John Donne

Here you will find the Long Poem A Litany of poet John Donne

A Litany



FATHER of Heaven, and Him, by whom 
It, and us for it, and all else for us, 
Thou madest, and govern'st ever, come 
And re-create me, now grown ruinous: 
My heart is by dejection, clay, 
And by self-murder, red. 
From this red earth, O Father, purge away 
All vicious tinctures, that new-fashioned 
I may rise up from death, before I'm dead. 


O Son of God, who, seeing two things, 
Sin and Death, crept in, which were never made, 
By bearing one, tried'st with what stings 
The other could Thine heritage invade ; 
O be Thou nail'd unto my heart, 
And crucified again ; 
Part not from it, though it from Thee would part, 
But let it be by applying so Thy pain, 
Drown'd in Thy blood, and in Thy passion slain. 



O Holy Ghost, whose temple I 
Am, but of mud walls , and condensèd dust, 
And being sacrilegiously 
Half wasted with youth's fires of pride and lust, 
Must with new storms be weather-beat, 
Double in my heart Thy flame, 
Which let devout sad tears intend, and let? 
Though this glass lanthorn, flesh, do suffer maim? 
Fire, sacrifice, priest, altar be the same. 



O blessed glorious Trinity, 
Bones to philosophy, but milk to faith, 
Which, as wise serpents, diversely 
Most slipperiness, yet most entanglings hath, 
As you distinguish'd, undistinct, 
By power, love, knowledge be, 
Give me a such self different instinct, 
Of these let all me elemented be, 
Of power, to love, to know you unnumbered three. 



For that fair blessed mother-maid, 
Whose flesh redeem'd us, that she-cherubin, 
Which unlock'd paradise, and made 
One claim for innocence, and disseizèd sin, 
Whose womb was a strange heaven, for there 
God clothed Himself, and grew, 
Our zealous thanks we pour. As her deeds were 
Our helps, so are her prayers ; nor can she sue 
In vain, who hath such titles unto you. 



And since this life our nonage is, 
And we in wardship to Thine angels be, 
Native in heaven's fair palaces 
Where we shall be but denizen'd by Thee ; 
As th' earth conceiving by the sun, 
Yields fair diversity, 
Yet never knows what course that light doth run ; 
So let me study that mine actions be 
Worthy their sight, though blind in how they see. 



And let Thy patriarchs' desire, 
?Those great grandfathers of Thy Church, which saw 
More in the cloud than we in fire, 
Whom nature clear'd more, than us grace and law,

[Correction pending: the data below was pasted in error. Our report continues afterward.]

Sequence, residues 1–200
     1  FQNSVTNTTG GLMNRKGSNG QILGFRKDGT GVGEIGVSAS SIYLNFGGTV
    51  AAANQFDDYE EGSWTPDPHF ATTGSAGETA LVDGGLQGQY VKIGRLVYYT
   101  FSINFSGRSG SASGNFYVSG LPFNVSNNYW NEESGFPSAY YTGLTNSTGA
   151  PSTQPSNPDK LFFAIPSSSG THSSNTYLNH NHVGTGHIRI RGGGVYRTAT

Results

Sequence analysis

And now in heaven still pray, that we 
May use our new helps right? 
Be satisfied, and fructify in me ; 
Let not my mind be blinder by more light, 
Nor faith by reason added lose her sight. 



Thy eagle-sighted prophets too, 
?Which were Thy Church's organs, and did sound 
That harmony which made of two 
One law, and did unite, but not confound ; 
Those heavenly poets which did see 
Thy will, and it express 
In rhythmic feet?in common pray for me, 
That I by them excuse not my excess 
In seeking secrets, or poeticness. 



And thy illustrious zodiac 
Of twelve apostles, which engirt this All, 
?From whom whosoever do not take 
Their light, to dark deep pits throw down and fall ;? 
As through their prayers Thou'st let me know 
That their books are divine, 
May they pray still, and be heard, that I go 
Th' old broad way in applying ; O decline 
Me, when my comment would make Thy word mine. 



And since Thou so desirously 
Didst long to die, that long before Thou couldst, 
And long since Thou no more couldst die, 
Thou in thy scatter'd mystic body wouldst 
In Abel die, and ever since 
In Thine ; let their blood come 
To beg for us a discreet patience 
Of death, or of worse life ; for O, to some 
Not to be martyrs, is a martyrdom. 



Therefore with Thee triumpheth there 
A virgin squadron of white confessors, 
Whose bloods betroth'd not married were, 
Tender'd, not taken by those ravishers. 
They know, and pray that we may know, 
In every Christian 
Hourly tempestuous persecutions grow ; 
Temptations martyr us alive ; a man 
Is to himself a Diocletian. 



The cold white snowy nunnery, 
Which, as Thy Mother, their high abbess, sent 
Their bodies back again to Thee, 
As Thou hadst lent them, clean and innocent ; 
Though they have not obtain'd of Thee, 
That or Thy Church or I 
Should keep, as they, our first integrity, 
Divorce Thou sin in us, or bid it die, 
And cal